The financial world got a boost from the Germany’s Constitutional Court allowing the ratification of the European Stability Mechanism, the eurozone’s new bailout fund, though with certain conditions.
After the decision was announced, European shares climbed to their highest level in 14 months, the euro rose and the amount of interest the Spanish government is having to offer on its bonds dropped.
The court’s approval was vital for the European Central Bank to go ahead with its plan to defuse the eurozone debt crisis by buying the bonds of struggling peripheral countries – like Spain.
Frankfurt based trader Oliver Roth was reasonably cheerful, saying: “This was the verdict that the markets were expecting. Now there has to be a limit to the ESM, which must be controlled by Germany’s parliament. There will be corrections to the ESM, and I believe there will be delays to it because of those necessary corrections. But overall, the markets can live with this result.”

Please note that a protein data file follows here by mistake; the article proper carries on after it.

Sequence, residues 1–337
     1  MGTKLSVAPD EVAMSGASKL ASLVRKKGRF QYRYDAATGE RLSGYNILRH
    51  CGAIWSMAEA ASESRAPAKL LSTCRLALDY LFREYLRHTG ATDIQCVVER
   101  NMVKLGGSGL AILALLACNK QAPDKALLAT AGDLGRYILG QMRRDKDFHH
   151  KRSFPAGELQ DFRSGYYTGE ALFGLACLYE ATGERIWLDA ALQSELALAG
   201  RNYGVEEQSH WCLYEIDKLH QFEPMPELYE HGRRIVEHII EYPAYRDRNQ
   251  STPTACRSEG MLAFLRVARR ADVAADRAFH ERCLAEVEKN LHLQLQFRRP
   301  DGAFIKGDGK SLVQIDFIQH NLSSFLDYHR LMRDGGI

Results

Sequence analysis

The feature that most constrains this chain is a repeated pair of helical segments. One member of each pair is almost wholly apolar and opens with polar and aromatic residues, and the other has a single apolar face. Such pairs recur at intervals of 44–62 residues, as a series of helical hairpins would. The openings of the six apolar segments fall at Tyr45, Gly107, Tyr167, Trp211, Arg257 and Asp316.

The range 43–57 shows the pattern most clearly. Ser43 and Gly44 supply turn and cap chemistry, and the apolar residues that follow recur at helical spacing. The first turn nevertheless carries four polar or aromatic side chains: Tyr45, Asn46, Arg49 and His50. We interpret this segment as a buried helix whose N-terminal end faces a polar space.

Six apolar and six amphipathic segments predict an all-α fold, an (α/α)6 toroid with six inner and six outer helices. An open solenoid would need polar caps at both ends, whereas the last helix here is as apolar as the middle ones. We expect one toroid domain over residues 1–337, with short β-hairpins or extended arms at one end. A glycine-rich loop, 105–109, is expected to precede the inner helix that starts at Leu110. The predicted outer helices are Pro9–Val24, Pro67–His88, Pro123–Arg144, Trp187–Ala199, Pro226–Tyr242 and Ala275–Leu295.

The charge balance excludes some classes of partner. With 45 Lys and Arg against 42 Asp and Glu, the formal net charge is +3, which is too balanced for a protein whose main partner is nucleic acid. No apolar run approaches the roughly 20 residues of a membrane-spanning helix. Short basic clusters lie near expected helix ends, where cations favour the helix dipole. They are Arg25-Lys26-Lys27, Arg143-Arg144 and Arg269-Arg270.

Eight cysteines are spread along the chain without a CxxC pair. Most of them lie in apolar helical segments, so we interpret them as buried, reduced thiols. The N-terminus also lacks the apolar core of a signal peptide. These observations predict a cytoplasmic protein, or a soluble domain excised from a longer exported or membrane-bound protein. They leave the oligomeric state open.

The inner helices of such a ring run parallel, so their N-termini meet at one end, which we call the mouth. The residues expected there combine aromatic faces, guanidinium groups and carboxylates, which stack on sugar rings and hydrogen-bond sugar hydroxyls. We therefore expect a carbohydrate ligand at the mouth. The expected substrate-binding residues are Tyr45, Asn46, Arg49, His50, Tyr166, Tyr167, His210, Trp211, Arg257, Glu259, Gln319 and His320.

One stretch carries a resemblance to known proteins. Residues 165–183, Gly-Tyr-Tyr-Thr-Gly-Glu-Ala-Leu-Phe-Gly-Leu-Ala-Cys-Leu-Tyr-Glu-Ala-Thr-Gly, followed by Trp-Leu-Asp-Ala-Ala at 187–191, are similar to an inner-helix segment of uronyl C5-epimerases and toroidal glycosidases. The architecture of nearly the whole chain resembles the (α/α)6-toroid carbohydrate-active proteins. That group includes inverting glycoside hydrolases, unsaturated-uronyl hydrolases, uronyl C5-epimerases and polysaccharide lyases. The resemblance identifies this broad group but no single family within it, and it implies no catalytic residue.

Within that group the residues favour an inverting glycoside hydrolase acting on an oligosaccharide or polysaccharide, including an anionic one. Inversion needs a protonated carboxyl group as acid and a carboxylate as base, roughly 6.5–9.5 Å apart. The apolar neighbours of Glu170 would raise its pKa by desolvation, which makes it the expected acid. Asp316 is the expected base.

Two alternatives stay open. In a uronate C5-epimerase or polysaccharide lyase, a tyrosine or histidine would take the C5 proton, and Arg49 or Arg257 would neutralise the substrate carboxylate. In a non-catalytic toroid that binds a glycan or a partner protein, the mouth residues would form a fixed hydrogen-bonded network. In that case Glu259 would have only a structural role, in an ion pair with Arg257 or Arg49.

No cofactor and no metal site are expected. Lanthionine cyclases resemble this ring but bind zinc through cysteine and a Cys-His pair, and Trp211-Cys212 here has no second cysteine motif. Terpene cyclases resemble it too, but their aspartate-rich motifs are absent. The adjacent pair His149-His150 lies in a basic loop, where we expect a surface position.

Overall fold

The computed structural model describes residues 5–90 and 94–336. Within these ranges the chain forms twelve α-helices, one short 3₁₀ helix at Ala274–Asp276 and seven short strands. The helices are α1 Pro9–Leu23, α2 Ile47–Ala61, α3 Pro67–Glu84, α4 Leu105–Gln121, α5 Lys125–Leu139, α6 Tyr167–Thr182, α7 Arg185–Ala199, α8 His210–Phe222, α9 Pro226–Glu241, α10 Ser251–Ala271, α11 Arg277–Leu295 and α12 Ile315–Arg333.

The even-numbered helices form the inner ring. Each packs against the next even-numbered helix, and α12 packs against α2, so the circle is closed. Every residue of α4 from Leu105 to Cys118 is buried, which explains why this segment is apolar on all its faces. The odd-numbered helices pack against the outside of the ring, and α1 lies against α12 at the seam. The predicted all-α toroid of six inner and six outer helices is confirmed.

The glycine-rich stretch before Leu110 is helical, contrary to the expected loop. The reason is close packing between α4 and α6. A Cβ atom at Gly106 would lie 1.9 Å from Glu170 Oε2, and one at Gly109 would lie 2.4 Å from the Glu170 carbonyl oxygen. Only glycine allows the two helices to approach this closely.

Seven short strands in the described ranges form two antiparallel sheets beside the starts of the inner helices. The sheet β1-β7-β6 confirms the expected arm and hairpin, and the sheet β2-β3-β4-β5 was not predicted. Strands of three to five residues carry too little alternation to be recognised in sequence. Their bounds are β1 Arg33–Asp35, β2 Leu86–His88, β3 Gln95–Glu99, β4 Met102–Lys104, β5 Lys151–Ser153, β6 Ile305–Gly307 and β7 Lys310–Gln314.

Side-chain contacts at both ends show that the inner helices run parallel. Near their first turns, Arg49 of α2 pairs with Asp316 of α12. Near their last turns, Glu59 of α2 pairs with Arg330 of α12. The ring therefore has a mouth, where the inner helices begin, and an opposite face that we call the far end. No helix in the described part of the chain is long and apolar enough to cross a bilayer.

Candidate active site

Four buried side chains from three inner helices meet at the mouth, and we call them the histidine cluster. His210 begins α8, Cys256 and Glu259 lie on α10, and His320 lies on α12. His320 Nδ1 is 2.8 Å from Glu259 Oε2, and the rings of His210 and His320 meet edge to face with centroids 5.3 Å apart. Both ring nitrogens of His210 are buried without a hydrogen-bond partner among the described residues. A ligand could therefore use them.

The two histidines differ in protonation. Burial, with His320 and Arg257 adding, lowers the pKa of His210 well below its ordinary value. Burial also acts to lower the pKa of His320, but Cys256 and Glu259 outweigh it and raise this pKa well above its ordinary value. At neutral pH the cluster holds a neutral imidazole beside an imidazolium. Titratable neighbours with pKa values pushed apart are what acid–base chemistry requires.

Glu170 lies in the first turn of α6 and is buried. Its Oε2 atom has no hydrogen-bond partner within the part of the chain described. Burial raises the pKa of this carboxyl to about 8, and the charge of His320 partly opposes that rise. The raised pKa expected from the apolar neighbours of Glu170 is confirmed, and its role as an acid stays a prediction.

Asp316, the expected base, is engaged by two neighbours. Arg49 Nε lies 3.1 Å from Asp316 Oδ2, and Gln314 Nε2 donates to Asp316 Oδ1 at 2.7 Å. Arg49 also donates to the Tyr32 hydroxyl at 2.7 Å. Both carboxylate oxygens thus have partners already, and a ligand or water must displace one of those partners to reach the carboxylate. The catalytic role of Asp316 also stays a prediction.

“It’s a confirmation that Germany is engaged in the project to rebuild and reconstruct Europe. There is a kind of Draghi economics going on. There is a clear receding risk of a euro break up and people are readjusting their portfolios,” said Didier Duret, chief investment officer at ABN-AMRO Private Banking.
Hopes this will put the eurozone’s economy back on a recovery path pushed the euro to its highest level in four months against the US dollar – over $1.29.
It also benefited from the fact that the dollar is weakening as the US central bank contemplates monetary stimulus there, that is printing more dollars to boost the economy.